Schwartz on the Deal: Suns No. 2 Speaks

 
 
By Steve Gillmor  |  Posted 2004-04-02 Email Print this article Print
 
 
 
 
 
 
 

As Sun and Microsoft take over the lead roles as technology's odd couple, Sun's new No. 2, Jonathan Schwartz, tells eWEEK's Steve Gillmor how the partnership will drive innovation and interoperability.

In the wake of Sun and Microsofts stunning settlement, Sun also announced the elevation of software chief Jonathan Schwartz to president and chief operating officer. In a conversation with eWEEKs Steve Gillmor, Schwartz talked about where the two companies are looking to collaborate.
Whats the deal as to Microsofts Java Virtual Machine (JVM)? Is it going to be made more compatible with your JVM?
We have more than 60 percent of the PC industry signed up to ship our Java Virtual Machine. What were now downloading more than 7 million copies a month of, and what the PC OEMs are shipping in the tens of millions, will be the definition of the Java runtime environment. Microsoft will have the ability to continue carrying what they provide, but its obviously an end-of-life platform in their regard. Were going to continue mining that innovation and driving the business opportunities that surround that amount of volume for developers. There are no plans to work with Microsoft in terms of interoperability between the two JVMs?
Thats not contemplated in the current agreement. When [Microsoft CEO Steve] Ballmer talks about creativity, where does some of this creativity take place in this deal? Obviously, were going to continue driving our message out to the marketplace. Were going to continue interoperating with the Microsoft servers that are behind those desktops. Simultaneously, Microsoft wants to be able to have their clients interoperate with our servers. And at the end of the day, in a Web services world, servers also need to talk to servers. So, the focal points in the near term are going to be around network identity and having our directory engines talking to one another. Click here to read more about the deal. Are you going to be using some sort of unifying protocol like LDAP for that conversation? Its still TBD on that, but were certainly going to have our identity teams talking to one another about how we can advantage one anothers platforms in the marketplace. This really defines Solaris and Windows as being uniquely interoperable on volume servers, and we obviously have a close relationship with the Linux community. And were going to continue driving that innovation and interoperability out into the Linux world as well. Ive seen some writers suggest that this is anti-Linux. To me, this is the single biggest accelerant in assuring the success of the most interoperable alternative to the Microsoft Windows PC, called the Java Desktop System (JDS). And that is all about working with the community to drive Linux and Java. Right now, JDS is shipping only on Linux. Absolutely. Thats what Wal-Marts shipping. Connect the dots for me. Well, if we make our desktop more interoperable with a Microsoft server or with another Microsoft client, it ought to make that desktop all the more appealing in the mass market. So, this is very much about advantaging Suns software efforts, which, as you know, spans Java on all the platforms on which Java runs—Windows, Linux and Solaris. Next page: We are very much walking before we run, Schwartz says.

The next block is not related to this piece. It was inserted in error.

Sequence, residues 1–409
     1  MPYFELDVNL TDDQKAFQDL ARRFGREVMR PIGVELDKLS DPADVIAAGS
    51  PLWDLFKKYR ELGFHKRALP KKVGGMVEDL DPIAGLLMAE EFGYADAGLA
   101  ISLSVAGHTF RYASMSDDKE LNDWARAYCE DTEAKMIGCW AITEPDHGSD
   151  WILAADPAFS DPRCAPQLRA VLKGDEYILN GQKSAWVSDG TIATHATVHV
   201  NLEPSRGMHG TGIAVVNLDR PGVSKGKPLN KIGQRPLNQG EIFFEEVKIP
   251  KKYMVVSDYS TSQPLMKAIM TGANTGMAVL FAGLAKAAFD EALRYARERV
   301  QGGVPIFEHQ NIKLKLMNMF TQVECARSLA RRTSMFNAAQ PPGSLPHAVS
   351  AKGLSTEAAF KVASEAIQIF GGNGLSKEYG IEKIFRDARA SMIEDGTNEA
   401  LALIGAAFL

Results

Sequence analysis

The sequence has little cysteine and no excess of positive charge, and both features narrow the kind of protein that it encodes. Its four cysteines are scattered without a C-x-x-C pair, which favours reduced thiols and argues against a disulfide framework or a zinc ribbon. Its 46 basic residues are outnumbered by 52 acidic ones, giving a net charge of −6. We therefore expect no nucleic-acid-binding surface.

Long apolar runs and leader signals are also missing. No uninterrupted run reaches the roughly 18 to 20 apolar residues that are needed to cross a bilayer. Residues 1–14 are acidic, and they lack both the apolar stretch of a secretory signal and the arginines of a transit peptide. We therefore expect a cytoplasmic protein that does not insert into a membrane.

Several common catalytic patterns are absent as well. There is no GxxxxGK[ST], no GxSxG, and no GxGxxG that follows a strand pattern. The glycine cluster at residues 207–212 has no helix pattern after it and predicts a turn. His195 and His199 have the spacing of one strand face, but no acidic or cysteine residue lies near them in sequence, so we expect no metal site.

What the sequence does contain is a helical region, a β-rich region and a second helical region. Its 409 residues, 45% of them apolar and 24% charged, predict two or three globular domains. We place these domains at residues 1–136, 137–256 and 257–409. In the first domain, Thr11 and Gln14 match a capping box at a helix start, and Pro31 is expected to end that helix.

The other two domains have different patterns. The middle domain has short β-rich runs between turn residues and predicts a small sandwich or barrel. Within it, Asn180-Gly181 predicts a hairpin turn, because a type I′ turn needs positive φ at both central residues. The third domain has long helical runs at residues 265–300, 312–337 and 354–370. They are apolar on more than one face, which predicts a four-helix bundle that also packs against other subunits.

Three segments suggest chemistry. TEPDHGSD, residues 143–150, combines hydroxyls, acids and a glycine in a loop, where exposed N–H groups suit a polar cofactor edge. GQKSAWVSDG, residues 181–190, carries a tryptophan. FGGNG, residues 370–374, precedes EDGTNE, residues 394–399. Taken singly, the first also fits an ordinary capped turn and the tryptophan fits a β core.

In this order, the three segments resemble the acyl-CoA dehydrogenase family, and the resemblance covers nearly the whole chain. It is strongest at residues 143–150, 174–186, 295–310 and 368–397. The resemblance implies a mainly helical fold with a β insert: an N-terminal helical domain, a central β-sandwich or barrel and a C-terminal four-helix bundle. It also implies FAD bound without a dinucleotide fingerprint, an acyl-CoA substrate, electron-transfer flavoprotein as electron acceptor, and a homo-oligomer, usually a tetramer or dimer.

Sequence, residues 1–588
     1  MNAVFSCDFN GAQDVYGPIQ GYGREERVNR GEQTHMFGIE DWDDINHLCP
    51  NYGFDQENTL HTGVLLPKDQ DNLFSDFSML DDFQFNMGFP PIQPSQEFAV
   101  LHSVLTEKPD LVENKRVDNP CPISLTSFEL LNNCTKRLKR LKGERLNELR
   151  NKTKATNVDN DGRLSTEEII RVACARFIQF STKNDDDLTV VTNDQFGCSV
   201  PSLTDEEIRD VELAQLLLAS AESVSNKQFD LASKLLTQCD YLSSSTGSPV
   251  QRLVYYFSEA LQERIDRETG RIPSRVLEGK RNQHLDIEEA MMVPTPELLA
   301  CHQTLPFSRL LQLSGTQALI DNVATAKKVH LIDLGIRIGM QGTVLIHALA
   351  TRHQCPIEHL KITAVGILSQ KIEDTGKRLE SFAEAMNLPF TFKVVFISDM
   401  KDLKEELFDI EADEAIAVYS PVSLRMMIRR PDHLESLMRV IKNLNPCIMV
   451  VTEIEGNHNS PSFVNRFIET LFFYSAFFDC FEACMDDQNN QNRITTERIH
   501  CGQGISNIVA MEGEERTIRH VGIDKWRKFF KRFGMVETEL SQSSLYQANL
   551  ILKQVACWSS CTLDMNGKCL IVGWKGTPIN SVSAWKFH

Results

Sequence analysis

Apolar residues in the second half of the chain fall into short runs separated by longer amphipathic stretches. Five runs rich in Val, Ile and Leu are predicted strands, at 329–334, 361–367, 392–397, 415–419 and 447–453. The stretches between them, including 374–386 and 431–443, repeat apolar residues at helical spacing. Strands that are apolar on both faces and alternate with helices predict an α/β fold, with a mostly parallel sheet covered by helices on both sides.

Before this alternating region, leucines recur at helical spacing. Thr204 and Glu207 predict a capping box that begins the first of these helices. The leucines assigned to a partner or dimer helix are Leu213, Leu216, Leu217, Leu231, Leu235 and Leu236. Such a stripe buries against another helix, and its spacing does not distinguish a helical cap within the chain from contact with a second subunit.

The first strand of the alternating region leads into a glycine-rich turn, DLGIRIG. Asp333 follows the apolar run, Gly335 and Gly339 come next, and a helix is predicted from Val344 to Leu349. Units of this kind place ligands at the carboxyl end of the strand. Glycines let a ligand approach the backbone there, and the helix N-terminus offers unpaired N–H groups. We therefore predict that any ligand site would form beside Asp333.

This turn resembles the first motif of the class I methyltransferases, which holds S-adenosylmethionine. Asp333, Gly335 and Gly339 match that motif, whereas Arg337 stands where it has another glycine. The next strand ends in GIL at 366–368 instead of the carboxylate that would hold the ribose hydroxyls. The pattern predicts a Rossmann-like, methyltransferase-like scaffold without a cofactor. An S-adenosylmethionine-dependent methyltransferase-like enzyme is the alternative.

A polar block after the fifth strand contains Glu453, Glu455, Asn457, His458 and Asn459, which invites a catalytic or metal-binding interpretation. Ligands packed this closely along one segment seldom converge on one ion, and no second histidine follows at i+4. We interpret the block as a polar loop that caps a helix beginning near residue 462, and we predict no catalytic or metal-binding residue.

Steve Gillmor is editor of eWEEK.com's Messaging & Collaboration Center. As a principal reviewer at Byte magazine, Gillmor covered areas including Visual Basic, NT open systems, Lotus Notes and other collaborative software systems. After stints as a contributing editor at InformationWeek Labs, editor in chief at Enterprise Development Magazine, editor in chief and editorial director at XML and Java Pro Magazines, he joined InfoWorld as test center director and columnist.
 
 
 
 
 
 
 

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